Sri Caitanya's Nectarian River Pastimes, Part 22


Ancient Indus river system
[ Map courtesy Woods Hole Oceanographic Institution ]

Nov 04, 2015 — CANADA (SUN) — Sri Caitanya's transcendental pastimes with rivers.

India's Ancient River Systems

Before we continue discussing some of the holy rivers in the north that are associated with Lord Caitanya's lila pastimes, we would like to mention some general history of India's ancient rivers. The great Indus River system once supported a civilization that populated over a one million square mile area, from the Himalayas to the Ganges delta, and from the plains of the Indus River valley to the Arabian Sea.

Although some of the ancient rivers flowing down over these lands have now disappeared -- most notably the holy Sarasvati -- many of the smaller rivers we'll mention in this series were once tributaries of the ancient waterways.

In his article, "An Ecological View of Ancient India", Dr. David Frawley describes the ancient Indian river system as the "largest and most ideal river region in the world for developing civilization".

"India… had a massive nexus of numerous great rivers from the Indus in the West to the swamplands of the Gangetic delta in the East. It had both a warm subtropical climate and seasonal abundant rains. This river region included relatively dry regions of the northwest to the very wet regions of eastern India affording an abundance of crops both in type and quantity.

The Indian river system was much larger in size and arable land, and better in climate than perhaps all the other three river regions put together. No other region of the world could so easily serve to create an agricultural diversity or the cultural richness that would go with it.

Ecologically speaking, north India was the ideal place in the world for the development of a riverine civilization via agriculture. Bounded by the Himalayas in the north, and mountains on the West, East and South, this north Indian river plain is a specific geographical region and ecosystem, whose natural boundaries could easily serve to create and hold together a great civilization. It was also ideal for producing large populations that depend upon agriculture for their sustenance.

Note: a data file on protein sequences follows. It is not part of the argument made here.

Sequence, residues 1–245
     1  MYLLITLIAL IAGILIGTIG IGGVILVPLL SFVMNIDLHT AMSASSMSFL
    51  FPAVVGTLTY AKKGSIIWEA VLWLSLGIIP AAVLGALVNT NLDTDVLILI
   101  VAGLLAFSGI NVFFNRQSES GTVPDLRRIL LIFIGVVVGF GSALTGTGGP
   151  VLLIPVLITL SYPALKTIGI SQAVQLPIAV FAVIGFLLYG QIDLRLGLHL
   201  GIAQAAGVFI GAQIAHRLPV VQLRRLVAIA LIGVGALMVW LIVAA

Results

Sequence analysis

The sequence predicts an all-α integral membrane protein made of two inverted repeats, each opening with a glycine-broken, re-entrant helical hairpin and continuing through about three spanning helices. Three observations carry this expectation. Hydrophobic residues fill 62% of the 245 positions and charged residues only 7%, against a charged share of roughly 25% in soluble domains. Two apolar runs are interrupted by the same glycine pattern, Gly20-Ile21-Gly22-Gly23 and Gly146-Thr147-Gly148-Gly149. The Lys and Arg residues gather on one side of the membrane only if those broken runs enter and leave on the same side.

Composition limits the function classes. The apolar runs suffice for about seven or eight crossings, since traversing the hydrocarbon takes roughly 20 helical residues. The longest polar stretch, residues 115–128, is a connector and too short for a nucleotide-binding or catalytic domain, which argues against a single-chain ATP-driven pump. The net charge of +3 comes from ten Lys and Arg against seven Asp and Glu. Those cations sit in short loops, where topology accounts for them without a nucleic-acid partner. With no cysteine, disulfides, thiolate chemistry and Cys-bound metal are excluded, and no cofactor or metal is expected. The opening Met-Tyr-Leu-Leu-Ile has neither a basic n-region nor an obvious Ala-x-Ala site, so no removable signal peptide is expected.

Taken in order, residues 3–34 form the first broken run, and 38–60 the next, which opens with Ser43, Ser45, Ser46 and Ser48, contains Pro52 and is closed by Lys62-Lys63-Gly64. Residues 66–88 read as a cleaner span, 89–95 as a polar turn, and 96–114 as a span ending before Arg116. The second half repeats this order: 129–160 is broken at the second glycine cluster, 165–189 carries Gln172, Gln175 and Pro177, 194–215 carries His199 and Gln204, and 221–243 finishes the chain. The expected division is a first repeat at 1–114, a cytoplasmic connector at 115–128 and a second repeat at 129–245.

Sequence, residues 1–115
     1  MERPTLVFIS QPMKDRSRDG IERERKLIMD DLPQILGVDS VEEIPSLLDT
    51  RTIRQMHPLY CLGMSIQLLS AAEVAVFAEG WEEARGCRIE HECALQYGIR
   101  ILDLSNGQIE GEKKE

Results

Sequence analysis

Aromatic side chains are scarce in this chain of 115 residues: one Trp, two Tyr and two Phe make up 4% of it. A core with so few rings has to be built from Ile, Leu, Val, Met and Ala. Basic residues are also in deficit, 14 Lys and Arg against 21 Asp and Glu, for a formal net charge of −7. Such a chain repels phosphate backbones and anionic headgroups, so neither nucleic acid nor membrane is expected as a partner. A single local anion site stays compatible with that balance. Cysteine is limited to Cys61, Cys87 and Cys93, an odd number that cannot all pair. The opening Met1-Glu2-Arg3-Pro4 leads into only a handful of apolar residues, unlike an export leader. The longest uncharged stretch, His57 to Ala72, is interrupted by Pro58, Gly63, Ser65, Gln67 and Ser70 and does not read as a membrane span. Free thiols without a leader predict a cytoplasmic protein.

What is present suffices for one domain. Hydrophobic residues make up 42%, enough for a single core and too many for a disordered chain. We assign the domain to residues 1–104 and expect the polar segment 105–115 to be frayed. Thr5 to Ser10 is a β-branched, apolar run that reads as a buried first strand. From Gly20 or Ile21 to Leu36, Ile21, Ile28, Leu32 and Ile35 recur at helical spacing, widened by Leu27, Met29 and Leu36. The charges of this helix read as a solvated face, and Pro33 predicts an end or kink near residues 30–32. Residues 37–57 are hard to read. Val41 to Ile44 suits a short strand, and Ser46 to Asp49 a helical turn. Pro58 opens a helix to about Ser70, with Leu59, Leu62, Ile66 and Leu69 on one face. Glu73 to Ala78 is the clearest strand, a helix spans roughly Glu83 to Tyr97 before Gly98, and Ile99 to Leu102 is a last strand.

This same network of rivers was ideal for communication. Not surprisingly, the Rig Veda, the oldest book of the region, is full of praise for the numerous great rivers of the region, the foremost of which in early ancient times was the Sarasvati, which flowed east of the Yamuna into the Rann of Kachchh, creating an unbroken set of fertile rivers from the Punjab to Bengal."

Frawley describes the great Indian river system of the north, from the Punjab to Bihar, as perhaps the world's greatest agricultural center. "The type of civilization developed in the rivers of north India could easily connect with the cultures developing on the rivers in the south of the country that shared a common climate and geographical ties. The other main great river region for India is the basins of the Krishna and Godavari rivers in the southeast of India, particularly Andhra Pradesh. This provides another important agricultural center in the ancient world, which has also not been examined properly.

Another important river area is the Narmada and Tapti rivers in Gujarat and Maharashtra. As these were nearby the delta of the Sarasvati, they could have been an extension of it (which is perhaps why the Bhrigu Rishis of this region are so important in Vedic literature)."


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